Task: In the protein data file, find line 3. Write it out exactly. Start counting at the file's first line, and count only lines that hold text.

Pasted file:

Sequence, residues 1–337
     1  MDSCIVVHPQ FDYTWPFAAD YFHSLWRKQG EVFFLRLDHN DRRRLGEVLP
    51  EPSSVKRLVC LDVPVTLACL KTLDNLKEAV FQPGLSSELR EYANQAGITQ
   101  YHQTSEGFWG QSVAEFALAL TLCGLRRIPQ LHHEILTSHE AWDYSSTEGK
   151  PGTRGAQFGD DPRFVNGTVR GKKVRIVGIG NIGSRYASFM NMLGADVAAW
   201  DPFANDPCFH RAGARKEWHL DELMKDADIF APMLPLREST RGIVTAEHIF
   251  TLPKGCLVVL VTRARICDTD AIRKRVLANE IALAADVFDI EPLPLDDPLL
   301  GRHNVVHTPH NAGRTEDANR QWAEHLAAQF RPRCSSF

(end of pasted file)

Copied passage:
    51  EPSSVKRLVC LDVPVTLACL KTLDNLKEAV FQPGLSSELR EYANQAGITQ